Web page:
Thanet District offers 345 year 7 selective places and 1,159 non-selective places. This means 22.9% of places are in grammar schools.

Dover District offers 440 year 7 selective places,  and in Dover, Deal and Sandwich  (the equivalent non-selective planning group) there are 935 non-selective places. So 32% of places are in grammar schools.

Canterbury and Faversham offers 615 year 7 selective places. In Canterbury City, Faversham, Canterbury Coastal non-selective school group there are 1,538 places. So 28.5% of school places are in grammar schools.

Folkestone and Hythe District offers 330 year 7 selective places. In Folkestone and Hythe and Romney Marsh there are 1,135 non-selective school places. So 29% of school places are in grammar schools.

Maidstone and Malling offers 785 year 7 selective places, while Maidstone District and Malling offer 2,888 non-selective places. So 27.1% of school places are in grammar schools.

Gravesham and Longfield offers 420 year 7 selective places and 1,340 non-selective places so 23.8% of school places are in grammar schools.

It must be very difficult to plan the correct balance of grammar to non-selective places in Kent with no obvious figure to work to, and with variable proportions all around Kent. Another thing that must make this calculation tricky for school place planners is the well-known correlation between socio-economic status and passing the 11-plus test.There is a county-wide 11-plus in Kent, which means that many more pupils will pass in leafy Tunbridge Wells than in deprived coastal communities such as Dover or Folkestone. In poorer areas not enough pupils pass so the grammars run easier 11-plus tests to fill their places.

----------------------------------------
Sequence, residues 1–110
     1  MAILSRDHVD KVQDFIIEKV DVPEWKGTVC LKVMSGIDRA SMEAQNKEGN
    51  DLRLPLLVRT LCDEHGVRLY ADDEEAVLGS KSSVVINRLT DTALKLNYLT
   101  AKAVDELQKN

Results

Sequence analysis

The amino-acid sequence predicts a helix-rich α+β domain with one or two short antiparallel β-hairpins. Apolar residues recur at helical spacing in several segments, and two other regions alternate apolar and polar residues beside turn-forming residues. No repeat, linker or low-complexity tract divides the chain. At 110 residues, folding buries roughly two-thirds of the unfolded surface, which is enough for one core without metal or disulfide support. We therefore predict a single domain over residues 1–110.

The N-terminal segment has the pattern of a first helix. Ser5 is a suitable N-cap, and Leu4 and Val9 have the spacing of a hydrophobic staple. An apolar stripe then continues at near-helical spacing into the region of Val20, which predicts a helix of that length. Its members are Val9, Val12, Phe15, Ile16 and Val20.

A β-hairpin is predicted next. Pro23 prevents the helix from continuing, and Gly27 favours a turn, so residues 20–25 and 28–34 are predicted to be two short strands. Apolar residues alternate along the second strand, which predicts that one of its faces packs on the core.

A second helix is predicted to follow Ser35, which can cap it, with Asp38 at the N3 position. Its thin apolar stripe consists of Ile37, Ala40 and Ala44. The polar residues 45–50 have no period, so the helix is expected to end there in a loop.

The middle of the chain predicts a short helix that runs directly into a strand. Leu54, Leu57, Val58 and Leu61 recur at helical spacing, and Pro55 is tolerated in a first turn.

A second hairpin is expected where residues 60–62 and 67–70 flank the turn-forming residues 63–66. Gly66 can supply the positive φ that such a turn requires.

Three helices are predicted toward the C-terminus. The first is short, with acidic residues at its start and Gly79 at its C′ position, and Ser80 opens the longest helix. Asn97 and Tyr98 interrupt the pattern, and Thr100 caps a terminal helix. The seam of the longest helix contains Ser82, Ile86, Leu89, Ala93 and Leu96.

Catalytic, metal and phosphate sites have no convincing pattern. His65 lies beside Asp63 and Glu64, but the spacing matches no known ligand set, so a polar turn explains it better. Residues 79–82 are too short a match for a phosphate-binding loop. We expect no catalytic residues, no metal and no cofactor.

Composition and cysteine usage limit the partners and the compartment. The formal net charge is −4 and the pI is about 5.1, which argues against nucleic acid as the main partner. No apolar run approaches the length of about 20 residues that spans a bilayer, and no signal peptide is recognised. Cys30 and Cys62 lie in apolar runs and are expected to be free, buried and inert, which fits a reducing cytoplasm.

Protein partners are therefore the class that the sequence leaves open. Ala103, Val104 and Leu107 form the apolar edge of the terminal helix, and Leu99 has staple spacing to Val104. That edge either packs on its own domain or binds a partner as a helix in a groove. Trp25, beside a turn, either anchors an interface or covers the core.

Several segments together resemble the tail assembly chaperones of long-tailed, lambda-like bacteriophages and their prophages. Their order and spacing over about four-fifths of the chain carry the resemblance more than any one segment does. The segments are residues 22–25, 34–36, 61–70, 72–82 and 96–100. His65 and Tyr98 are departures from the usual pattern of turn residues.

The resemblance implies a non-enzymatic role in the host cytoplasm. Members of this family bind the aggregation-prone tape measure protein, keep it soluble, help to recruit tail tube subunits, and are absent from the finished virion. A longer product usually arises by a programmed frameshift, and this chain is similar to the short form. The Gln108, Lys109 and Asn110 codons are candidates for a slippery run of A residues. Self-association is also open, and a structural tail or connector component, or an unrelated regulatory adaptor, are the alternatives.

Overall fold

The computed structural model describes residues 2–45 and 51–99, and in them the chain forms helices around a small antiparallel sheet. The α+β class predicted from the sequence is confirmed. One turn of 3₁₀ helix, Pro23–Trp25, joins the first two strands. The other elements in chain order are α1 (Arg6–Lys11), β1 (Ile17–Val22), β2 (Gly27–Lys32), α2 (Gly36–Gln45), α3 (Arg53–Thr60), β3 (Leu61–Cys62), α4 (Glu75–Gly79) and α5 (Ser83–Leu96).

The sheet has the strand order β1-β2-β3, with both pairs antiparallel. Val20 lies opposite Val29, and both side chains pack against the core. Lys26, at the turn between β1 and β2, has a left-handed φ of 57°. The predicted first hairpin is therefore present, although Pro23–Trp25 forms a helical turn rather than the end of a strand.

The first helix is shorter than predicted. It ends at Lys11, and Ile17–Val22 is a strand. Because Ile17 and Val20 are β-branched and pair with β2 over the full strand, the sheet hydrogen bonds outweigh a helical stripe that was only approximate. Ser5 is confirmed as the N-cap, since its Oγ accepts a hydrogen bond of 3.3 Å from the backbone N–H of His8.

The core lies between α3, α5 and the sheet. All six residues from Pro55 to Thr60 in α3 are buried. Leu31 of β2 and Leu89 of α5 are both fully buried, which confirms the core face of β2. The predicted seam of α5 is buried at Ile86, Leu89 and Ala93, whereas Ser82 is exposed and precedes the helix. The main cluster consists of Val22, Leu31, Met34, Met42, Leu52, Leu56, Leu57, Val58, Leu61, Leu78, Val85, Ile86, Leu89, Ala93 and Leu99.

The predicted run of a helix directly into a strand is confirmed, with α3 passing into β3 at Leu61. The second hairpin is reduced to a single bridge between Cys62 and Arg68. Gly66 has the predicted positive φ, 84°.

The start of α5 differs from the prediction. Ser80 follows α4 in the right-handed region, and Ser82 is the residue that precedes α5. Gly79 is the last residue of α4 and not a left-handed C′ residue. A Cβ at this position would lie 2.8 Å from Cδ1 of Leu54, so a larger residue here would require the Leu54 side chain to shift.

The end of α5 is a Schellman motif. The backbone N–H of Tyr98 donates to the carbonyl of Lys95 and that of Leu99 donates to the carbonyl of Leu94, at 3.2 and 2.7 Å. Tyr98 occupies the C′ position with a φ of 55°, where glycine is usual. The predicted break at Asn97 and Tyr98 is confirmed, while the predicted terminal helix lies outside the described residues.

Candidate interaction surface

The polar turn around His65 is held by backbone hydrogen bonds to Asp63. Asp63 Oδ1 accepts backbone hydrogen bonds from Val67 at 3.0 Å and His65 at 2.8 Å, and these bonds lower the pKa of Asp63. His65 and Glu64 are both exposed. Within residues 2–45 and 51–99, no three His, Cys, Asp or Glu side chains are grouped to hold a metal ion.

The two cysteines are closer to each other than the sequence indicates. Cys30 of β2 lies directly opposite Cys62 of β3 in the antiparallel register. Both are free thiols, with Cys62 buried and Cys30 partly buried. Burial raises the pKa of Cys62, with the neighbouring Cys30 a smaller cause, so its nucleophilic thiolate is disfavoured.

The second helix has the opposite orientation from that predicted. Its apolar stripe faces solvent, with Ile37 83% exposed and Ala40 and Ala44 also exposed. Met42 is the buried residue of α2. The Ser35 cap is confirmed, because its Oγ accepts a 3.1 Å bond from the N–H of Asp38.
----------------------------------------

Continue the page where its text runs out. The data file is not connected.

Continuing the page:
It wasn’t possible to calculate the proportion of grammar places in West Kent due to the selective and non-selective planning groups having different borders. However, I looked at Tunbridge Wells which has 3 grammar schools and 3 non-selective schools, and DfE data shows that 43% of school places in the town are selective.

So it seems that the right ‘balance’ of selective to non-selective places in Kent, based on the evidence we have, is that it’s somewhere between 22% and 43%.

This balancing act only ever seems to push the percentage of grammar places upwards. So what about the areas with lower percentages than average, are parents up in arms? No they’re not, they don’t even know. No one in Thanet is aware that they send less pupils to grammar schools than other Kent communities.

KCC runs the ‘Kent Test’ 11-plus  and each year someone in a council office will decide how many pupils will pass the test or fail the test. A council officer could decide to pass a few thousand more or a few thousand less and the Dartford grammar schools would find themselves either over capacity or under capacity. And then the whole planning document could be rewritten without any need for expensive new grammar school satellites. Or, here’s another idea, KCC could just point to the rest of the country and tell its citizens that they want the same ‘balance’ of selective to non-selective places as everywhere else. Most of the country is doing just fine with 0% grammar places.